A Better Tomorrow II (1987)

Not Rated   |    |  Action, Crime, Drama


A Better Tomorrow II (1987) Poster

A restauranteur teams up with a police officer and his ex-con brother to avenge the death of a friend's daughter.


7.3/10
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24 June 2004 | Captain_Couth
8
| A Better Tomorrow has yet to arrive. Will it ever come?
A Better Tomorrow II (1987) was rushed into production after the success of the first film. Armed with a bigger budget, Cinema City forged ahead with this sequel. Following after the events of part one. Lung Ti is about to be released from prison when he's offered a job as an undercover agent. His mission is to find some criminal evidence to topple his former boss (Cinema City board member Dean Shek). A first he dismisses the gig until he realizes they're going to his eager younger brother (Leslie Cheung). Once Lung is out, he notices that everything is not quite as it seems.

An interesting film. This time Tsui Hark had more of a hand in the production. He included his friend Dean Shek into the movie and he employed his best action director (Ching Siu-Tung) to direct the over-the-top action scenes. John Woo wasn't pleased with this and he voiced his displeasure. The final rift came during the editing of the film. Tsui Hark wanted the movie to be under two hours so it could have more showings, John Woo wanted it to be an epic. Guess who one out? Say what you will about this film, the action scenes are pure Ching Siu-Tung. His wild action scenes made this movie. Mr. Tsui must have liked him a lot because he went on to choreograph the action scenes in The Killer (although he was credited with stunt coordinator the action scenes have all of his visual trademarks).

The budget was huge on this one. It was filmed in Hong Kong and in the United States. Tsui Hark had another one of his friends (Peter Wang) co-star in the movie as well (he plays the inner city priest Dean Shek meets in N.Y.C.). Despite the friction caused by the behind the scenes squabbling, A Better Tomorrow II is a magnificent exercise in the ultra-violence. Awesome!

Highly recommended.

The last film in the trilogy is the epic A Better Tomorrow III: Love and death in Saigon.

Critic Reviews



Did You Know?

Trivia

John Woo's first cut was about 160 minutes long. He and producer Hark Tsui had disagreements over the focus of the film. Tsui felt that it should focus more on the Lung, while Woo's original version focused more on characters Ken and Kit. Hark also insisted that the film should be shortened to a commercially viable length, which in Hong Kong is considered under 120 minutes, so theatre owners could show the film at least eight times a day.

Woo refused to cut it down and when he and Hark couldn't agree about the focus of the film and how it should be re-edited, Hark went and started secretly re-editing it himself, since he had equal control with the editing along with three other editors (Woo being the fifth). At the same time when Hark would cut some parts out, Woo would secretly put the missing parts back in. With only a week remaining before the film was to be released in theaters, and with pressure from the studio and distributors to trim the film down, Woo and Hark agreed to send the movie to "Cinema City Editing Unit", which meant that they sent each reel of the film to one of Cinema City's editors, who would then go to work on his particular reel. There was no overall supervision whatsoever by either Woo or Hark. Each of these editors just cut things out as they saw fit, then returned the reels. What they came up with is now the official released version of the film.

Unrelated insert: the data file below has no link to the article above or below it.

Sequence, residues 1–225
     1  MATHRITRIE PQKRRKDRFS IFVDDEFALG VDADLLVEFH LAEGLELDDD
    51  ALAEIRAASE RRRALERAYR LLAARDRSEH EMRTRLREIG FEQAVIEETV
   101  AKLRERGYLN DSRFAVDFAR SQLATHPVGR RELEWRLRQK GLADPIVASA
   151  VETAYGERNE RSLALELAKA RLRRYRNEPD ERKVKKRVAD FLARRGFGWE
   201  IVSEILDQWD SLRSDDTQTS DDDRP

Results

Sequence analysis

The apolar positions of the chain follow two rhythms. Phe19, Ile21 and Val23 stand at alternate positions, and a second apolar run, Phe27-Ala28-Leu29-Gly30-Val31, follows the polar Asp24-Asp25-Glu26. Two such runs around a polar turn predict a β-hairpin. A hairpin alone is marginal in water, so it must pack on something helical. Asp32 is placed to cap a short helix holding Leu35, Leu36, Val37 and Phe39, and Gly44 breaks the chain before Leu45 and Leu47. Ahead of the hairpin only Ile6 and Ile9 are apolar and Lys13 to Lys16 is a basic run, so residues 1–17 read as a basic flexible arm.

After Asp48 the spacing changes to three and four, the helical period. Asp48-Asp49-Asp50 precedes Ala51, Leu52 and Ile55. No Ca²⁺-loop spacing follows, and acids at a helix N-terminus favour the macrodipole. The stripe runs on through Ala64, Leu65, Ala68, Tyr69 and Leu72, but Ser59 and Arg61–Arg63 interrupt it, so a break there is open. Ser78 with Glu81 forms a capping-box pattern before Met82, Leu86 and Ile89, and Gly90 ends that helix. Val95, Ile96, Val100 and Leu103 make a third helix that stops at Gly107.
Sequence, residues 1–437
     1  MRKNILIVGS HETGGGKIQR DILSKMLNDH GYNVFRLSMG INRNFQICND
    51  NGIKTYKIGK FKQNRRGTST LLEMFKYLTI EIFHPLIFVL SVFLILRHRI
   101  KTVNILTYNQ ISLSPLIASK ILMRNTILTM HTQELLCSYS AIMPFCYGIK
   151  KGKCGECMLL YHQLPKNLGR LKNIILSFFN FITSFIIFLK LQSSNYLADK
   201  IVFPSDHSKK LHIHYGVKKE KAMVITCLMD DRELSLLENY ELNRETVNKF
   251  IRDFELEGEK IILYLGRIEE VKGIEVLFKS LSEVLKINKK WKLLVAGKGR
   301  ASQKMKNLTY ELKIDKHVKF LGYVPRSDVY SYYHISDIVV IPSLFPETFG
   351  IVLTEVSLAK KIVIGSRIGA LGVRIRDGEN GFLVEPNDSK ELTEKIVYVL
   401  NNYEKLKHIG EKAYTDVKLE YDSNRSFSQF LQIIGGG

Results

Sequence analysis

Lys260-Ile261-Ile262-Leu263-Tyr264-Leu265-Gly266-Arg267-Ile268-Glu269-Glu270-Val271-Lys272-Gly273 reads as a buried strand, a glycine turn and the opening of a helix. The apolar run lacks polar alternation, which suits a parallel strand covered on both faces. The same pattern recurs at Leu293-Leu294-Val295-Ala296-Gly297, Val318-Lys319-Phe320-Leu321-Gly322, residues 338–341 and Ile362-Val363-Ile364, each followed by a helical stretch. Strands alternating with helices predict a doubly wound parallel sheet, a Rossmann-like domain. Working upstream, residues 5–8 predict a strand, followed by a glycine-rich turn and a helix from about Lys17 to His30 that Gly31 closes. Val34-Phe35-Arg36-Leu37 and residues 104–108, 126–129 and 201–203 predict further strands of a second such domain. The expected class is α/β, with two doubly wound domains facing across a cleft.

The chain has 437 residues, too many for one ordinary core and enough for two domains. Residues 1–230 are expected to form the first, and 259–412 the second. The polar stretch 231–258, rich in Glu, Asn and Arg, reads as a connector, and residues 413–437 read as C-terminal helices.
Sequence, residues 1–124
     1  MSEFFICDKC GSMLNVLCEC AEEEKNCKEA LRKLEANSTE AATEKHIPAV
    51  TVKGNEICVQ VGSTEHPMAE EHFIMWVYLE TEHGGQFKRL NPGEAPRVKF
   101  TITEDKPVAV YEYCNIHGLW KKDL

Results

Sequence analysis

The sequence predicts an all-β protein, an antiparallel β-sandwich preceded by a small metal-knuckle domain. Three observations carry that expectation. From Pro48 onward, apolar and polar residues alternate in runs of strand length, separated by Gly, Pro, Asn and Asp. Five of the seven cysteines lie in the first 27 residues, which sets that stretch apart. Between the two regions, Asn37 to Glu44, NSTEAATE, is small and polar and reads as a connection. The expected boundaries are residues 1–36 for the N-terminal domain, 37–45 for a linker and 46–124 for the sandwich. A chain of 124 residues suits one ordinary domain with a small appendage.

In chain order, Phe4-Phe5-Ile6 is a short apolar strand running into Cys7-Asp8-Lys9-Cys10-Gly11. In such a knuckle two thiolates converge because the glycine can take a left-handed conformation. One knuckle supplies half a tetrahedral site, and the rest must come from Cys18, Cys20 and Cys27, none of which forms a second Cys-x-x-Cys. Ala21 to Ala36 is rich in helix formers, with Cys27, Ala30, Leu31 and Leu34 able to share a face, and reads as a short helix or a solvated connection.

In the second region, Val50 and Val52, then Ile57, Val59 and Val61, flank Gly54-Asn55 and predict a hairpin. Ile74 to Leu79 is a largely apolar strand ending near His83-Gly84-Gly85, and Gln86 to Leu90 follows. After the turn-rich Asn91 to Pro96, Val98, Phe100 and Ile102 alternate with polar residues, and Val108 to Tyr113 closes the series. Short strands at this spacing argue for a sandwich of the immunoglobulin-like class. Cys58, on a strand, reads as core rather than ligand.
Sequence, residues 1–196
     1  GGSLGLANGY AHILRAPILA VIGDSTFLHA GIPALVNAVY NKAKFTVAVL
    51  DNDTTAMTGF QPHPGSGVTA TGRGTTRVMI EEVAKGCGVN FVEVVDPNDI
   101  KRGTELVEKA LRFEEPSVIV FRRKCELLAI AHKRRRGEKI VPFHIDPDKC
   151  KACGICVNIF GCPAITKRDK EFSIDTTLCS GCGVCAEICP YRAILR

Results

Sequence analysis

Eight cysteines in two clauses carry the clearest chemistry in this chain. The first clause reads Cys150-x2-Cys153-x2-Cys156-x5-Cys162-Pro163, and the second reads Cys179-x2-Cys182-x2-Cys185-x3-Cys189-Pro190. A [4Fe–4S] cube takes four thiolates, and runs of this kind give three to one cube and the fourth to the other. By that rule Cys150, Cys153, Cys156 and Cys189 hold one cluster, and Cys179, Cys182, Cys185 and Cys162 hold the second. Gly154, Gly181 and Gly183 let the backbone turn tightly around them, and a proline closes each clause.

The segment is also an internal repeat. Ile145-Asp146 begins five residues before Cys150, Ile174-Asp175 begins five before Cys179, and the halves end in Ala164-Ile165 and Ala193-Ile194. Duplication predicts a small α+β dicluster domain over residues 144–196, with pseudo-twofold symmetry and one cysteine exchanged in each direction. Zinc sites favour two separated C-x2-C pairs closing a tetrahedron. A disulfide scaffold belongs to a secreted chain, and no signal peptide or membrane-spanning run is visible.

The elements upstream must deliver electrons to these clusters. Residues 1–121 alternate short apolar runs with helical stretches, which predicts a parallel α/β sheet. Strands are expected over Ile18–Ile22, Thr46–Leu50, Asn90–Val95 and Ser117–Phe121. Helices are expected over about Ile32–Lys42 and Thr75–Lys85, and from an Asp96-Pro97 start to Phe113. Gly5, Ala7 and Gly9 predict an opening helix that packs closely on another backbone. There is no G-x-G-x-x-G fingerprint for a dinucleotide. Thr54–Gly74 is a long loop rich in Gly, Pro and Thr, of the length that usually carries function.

When Woo saw this final version, which was 105 minutes long, in the theater for the first time he was so shocked to see how badly it was re-edited that he disowned the film; to this day the only part he said he considers to be his work is the final shootout sequence. Woo's director's cut was only shown once to film executives in Hong Kong, before all the re-editing problems began. The Hong Kong trailer--5-1/2 minutes long--is the only source to get glimpses of some deleted scenes; blood-covered Kit being brutally beaten up, Kit seeing his wife while still having injuries from the beating on his face, Ken and Lung playing with the bird.


Quotes

Ken: We're dying; can we leave now?


Goofs

Nobody ever told Lung that his daughter is dead. Yet even Ken acts like it's a given without being told by anybody from Hong Kong.


Alternate Versions

All 5.1 and 7.1 sound mixes found on various DVD- and Blu-ray editions feature added and re-dubbed sound effects, and vary greatly from the original monaural soundtrack.


Soundtracks

Forward To The Days In The Future
by Leslie Cheung

Storyline

Plot Summary


Genres

Action | Crime | Drama | Thriller

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